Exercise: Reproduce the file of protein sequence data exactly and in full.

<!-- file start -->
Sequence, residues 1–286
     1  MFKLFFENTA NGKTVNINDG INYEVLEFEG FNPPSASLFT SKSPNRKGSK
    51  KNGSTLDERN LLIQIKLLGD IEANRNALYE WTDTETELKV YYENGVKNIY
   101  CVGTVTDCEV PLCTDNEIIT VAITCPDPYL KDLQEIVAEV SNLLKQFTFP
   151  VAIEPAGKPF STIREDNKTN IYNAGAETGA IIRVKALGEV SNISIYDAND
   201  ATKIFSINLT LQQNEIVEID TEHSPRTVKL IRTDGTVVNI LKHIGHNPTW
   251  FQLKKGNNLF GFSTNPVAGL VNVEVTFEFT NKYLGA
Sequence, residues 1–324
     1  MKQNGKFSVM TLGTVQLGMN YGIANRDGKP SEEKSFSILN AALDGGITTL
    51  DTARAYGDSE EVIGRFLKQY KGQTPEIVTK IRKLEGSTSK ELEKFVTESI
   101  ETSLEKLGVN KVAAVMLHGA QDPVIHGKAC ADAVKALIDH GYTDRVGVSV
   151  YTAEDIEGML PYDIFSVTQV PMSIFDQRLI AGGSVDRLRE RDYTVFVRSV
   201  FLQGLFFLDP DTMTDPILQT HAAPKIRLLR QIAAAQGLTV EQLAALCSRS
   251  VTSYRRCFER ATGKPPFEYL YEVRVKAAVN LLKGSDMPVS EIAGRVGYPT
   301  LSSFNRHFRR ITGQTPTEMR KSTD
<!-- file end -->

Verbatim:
Sequence, residues 1–286
     1  MFKLFFENTA NGKTVNINDG INYEVLEFEG FNPPSASLFT SKSPNRKGSK
    51  KNGSTLDERN LLIQIKLLGD IEANRNALYE WTDTETELKV YYENGVKNIY
   101  CVGTVTDCEV PLCTDNEIIT VAITCPDPYL KDLQEIVAEV SNLLKQFTFP
   151  VAIEPAGKPF STIREDNKTN IYNAGAETGA IIRVKALGEV SNISIYDAND
   201  ATKIFSINLT LQQNEIVEID TEHSPRTVKL IRTDGTVVNI LKHIGHNPTW
   251  FQLKKGNNLF GFSTNPVAGL VNVEVTFEFT NKYLGA
Sequence, residues 1–324
     1  MKQNGKFSVM TLGTVQLGMN YGIANRDGKP SEEKSFSILN AALDGGITTL
    51  DTARAYGDSE EVIGRFLKQY KGQTPEIVTK IRKLEGSTSK ELEKFVTESI
   101  ETSLEKLGVN KVAAVMLHGA QDPVIHGKAC ADAVKALIDH GYTDRVGVSV
   151  YTAEDIEGML PYDIFSVTQV PMSIFDQRLI AGGSVDRLRE RDYTVFVRSV
   201  FLQGLFFLDP DTMTDPILQT HAAPKIRLLR QIAAAQGLTV EQLAALCSRS
   251  VTSYRRCFER ATGKPPFEYL YEVRVKAAVN LLKGSDMPVS EIAGRVGYPT
   301  LSSFNRHFRR ITGQTPTEMR KSTD